"And after the sixty-two weeks, the anointed one shall be destroyed, and there is no judgment in him: and he shall destroy the city and the sanctuary with the prince that is coming; they shall be cut off with a flood, and to the end of the war which is rapidly completed he shall appoint the city to desolations. And one week shall establish the covenant with many; and in the midst of the week my sacrifices and my drink-offering shall be taken away: and on the temple shall be the abomination of desolations; and at the end of the time an end shall be put to the desolation." (Daniel: 26,27, Septuagint)
This prophecy conveys further information concerning the abomination of desolations that was to come following the sacrificial offering of the Lord Jesus.
It fixes the location of the "abomination of desolations" as on the Temple Mount site after the destruction of the Temple and the city of Jerusalem by an overwhelming army. This war culminated in A. D. 70 when the Roman armies destroyed the Temple.
It indicates that the abomination and its corresponding desolation would continue right up until the end of the time and then it would be brought to a consummation.
It is significant also that the word "desolations" is plural in the Septuagint and "abominations" is plural in the KJV, indicating that this role would be taken by more than one power. Until the seventh century, the primary desolating power was the eastern Roman Empire and thereafter the role passed to a succession of Islamic occupiers of Jerusalem, except for that period when the Crusaders recaptured Jerusalem.
Placing the Abomination That Maketh Desolate in the Sanctuary. In the 11th of Daniel, there is a further reference. "And arms shall stand on his part, and they shall pollute the sanctuary of strength, and shall take away the daily sacrifice, and they shall place the abomination that maketh desolate." (Verse 31) It is generally recognized that this prophecy had specific reference to the actions of Antiochus Epiphanes. This Greek ruler desecrated the Temple by setting up an idol to Zeus and sacrificing swine, compelling the Levitical priests to eat unclean flesh. His actions led to the revolt by the Maccabees. While Antiochus Epiphanes did not destroy the temple, his actions showed that introducing rites that were sacrilegious to the Law of Moses and setting up a pagan idol were examples of "the abomination that maketh desolate."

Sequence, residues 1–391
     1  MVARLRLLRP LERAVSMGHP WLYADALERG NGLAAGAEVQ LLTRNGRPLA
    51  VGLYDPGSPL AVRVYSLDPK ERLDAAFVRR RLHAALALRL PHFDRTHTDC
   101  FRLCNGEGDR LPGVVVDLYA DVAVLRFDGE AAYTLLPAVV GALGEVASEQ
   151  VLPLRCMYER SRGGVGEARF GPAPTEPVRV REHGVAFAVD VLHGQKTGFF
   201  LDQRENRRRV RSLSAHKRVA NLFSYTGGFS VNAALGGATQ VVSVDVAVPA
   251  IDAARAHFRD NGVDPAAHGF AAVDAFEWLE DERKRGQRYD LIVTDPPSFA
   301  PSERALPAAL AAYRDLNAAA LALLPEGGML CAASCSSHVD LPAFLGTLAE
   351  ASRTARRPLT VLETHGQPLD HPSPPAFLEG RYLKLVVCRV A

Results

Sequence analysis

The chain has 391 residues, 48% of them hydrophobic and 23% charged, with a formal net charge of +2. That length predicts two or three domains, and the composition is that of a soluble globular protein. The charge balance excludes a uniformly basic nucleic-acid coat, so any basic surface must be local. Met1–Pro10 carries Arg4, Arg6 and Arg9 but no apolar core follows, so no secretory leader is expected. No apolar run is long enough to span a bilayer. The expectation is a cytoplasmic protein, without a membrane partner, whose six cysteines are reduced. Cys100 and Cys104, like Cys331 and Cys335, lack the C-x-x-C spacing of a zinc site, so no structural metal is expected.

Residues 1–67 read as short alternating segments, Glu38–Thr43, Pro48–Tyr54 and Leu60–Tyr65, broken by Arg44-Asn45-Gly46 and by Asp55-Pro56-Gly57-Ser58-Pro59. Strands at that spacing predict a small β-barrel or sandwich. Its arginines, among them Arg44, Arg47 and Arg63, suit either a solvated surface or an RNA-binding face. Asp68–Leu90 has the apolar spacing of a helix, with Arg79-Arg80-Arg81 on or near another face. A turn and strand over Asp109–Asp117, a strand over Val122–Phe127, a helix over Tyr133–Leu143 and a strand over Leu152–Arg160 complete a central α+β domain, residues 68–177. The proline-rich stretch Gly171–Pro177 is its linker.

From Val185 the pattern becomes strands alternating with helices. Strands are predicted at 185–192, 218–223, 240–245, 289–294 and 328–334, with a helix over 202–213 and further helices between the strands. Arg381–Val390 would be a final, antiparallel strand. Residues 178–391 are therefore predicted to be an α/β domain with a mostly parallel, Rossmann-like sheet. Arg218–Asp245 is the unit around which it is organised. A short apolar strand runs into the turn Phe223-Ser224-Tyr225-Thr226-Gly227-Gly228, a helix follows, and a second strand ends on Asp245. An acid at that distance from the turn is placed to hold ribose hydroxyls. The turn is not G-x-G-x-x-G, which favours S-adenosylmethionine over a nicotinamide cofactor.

The Olivet Prophecy occurred after the disciples admired the goodly stones of the Temple and the Lord taught them that the Temple would be so completely cast down that one stone would not be left against another. They then enquired concerning the time when these things should be. In the answer provided in the Olivet Prophecy, (as recorded in both Matthew and Mark's account) our Lord referred to the abomination of desolation as a sign of the impending destruction of Jerusalem. When ye therefore shall see the abomination of desolation, spoken of by Daniel the prophet, stand in the holy place, (whoso readeth, let him understand:) Then let them which be in Judea flee into the mountains: (Matthew 24:15,16).